Amazon makes AWS EdStart accelerator available to Canadians, picks Springbay Studio as first participant

childrens classroom
Springbay Studio creates climate-focused educational games for children.

Amazon Web Services (AWS) has made its EdTech accelerator available to Canadians in recent months, selecting Toronto game developer Springbay Studio as its first participant from the country.

Named AWS EdStart, the program provides EdTech startups with supports like promotional credit, community engagement, customized training, joint marketing opportunities, and technical support.

The program made its way to Canada in June following its expansion in the Americas region (United States, Brazil, Colombia, and Mexico).

An increasing number of big tech companies, such as Amazon, continue to bring their accelerators to Canada. One such example is Google, with the multiple programs it opened to Canadians in recent years, including those specific to women founders.

Rejean Bourgault, country manager and director of public sector in Canada at AWS, said that the expansion of AWS EdStart into Canada is meant to show AWS’ commitment to EdTech customers and startups in the region.

Bourgalt added that HolonIQ, an impact intelligence platform, has mapped out more than 1,100 EdTech firms in Canada, which includes Springbay.

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Led by long-time video game developer Jane Ji, Springbay’s video games focus on environmental science and tackling climate change. The startup’s iBiome series, for example, allows children from Grade 3 to Grade 8 to create their own virtual ecosystem, stimulate human impact, and discover ways they can mitigate it.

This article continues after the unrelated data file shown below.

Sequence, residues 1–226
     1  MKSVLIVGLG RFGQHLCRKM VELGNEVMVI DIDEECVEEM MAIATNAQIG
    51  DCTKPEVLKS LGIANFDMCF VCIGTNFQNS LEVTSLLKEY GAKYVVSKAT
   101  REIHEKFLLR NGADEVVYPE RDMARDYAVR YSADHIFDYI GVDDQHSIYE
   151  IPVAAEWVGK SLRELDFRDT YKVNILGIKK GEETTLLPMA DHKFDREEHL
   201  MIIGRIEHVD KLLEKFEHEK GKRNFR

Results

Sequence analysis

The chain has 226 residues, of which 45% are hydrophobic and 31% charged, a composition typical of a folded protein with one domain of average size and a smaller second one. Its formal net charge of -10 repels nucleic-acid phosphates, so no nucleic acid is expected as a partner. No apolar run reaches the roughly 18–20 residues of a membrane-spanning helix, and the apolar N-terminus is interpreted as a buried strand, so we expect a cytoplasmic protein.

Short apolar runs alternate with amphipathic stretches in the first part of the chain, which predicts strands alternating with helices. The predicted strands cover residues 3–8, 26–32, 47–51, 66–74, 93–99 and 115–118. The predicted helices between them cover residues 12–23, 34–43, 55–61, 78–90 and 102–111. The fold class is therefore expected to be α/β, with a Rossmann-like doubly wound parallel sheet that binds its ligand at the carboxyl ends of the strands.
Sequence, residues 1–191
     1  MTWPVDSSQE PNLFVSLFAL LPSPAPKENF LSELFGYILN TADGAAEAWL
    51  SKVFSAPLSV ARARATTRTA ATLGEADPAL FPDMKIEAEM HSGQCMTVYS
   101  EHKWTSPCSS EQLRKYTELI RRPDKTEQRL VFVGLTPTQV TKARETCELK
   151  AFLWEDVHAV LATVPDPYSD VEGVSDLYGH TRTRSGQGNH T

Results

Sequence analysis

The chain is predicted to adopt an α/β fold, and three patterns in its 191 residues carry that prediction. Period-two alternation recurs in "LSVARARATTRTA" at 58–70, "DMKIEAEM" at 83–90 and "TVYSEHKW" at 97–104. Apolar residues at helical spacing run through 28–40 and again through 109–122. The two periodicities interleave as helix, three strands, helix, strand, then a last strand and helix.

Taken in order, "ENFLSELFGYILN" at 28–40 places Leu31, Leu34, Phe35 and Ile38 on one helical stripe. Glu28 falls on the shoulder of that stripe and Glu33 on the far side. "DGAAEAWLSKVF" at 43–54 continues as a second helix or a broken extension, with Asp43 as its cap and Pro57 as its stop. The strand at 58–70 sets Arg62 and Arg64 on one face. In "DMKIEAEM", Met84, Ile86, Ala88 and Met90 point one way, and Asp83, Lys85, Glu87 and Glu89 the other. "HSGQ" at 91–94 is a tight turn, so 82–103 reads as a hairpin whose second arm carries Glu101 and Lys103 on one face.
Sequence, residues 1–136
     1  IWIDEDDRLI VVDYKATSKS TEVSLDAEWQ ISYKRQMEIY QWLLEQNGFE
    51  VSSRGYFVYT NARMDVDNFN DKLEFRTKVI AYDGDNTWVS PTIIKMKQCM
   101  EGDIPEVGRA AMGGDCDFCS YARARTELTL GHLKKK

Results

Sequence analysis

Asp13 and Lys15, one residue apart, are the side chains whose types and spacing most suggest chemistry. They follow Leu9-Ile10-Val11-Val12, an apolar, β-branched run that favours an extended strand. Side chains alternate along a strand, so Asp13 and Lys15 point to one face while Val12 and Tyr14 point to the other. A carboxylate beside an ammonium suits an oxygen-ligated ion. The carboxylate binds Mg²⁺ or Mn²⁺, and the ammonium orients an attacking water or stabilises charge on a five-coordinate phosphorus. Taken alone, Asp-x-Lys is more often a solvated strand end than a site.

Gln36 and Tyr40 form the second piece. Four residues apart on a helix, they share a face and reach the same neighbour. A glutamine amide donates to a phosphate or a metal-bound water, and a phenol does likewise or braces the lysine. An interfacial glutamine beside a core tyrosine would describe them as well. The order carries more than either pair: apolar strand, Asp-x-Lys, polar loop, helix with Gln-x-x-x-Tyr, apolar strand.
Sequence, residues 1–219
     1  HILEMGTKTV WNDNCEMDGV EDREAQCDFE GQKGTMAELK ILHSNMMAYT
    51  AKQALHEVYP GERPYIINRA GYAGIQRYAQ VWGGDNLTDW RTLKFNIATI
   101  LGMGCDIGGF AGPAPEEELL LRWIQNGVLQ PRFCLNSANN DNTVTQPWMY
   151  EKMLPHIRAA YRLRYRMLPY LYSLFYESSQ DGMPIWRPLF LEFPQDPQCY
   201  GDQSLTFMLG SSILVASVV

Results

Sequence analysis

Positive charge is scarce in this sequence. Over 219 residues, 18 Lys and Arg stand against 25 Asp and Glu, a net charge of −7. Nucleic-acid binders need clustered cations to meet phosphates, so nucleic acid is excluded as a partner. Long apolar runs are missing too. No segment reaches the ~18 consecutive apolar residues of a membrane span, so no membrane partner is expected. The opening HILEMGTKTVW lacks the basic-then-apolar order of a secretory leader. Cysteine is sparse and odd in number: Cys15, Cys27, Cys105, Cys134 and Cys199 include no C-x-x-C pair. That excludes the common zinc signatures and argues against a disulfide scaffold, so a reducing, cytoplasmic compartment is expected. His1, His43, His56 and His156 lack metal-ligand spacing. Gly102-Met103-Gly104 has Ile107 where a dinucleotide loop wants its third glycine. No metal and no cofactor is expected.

According to the company, since Ji created iBiome in 2014, the game has received multiple recognitions and awards from the Association of School Librarians, the United Nations Environment Programme, Dr. Toy’s Best Green Toys, The Mom’s Choice Awards, The Parents’ Choice Awards, Academic’s Choice Awards, Apple, and other notable organizations.

Springbay also offers League for Green Leaders, an online platform where children can compete globally to reduce their carbon footprint.

In addition to its lineup of video games, Springbay hosts workshops and year-round competitions to encourage children to reduce their eco-footprints and co-create a sustainable future.

Springbay previously received $13,590 in COVID-19 emergency relief financing from the Canadian Media Fund last year. It also won $1,000 from Climate Ventures’ Earth Tech accelerator virtual demo night in 2020.

Featured image from Kenny Eliason via Unsplash.

Charlize Alcaraz

Charlize Alcaraz

Charlize Alcaraz is a journalism student at Ryerson University and a staff writer for BetaKit. Follow her on Twitter @charlizealcaraz

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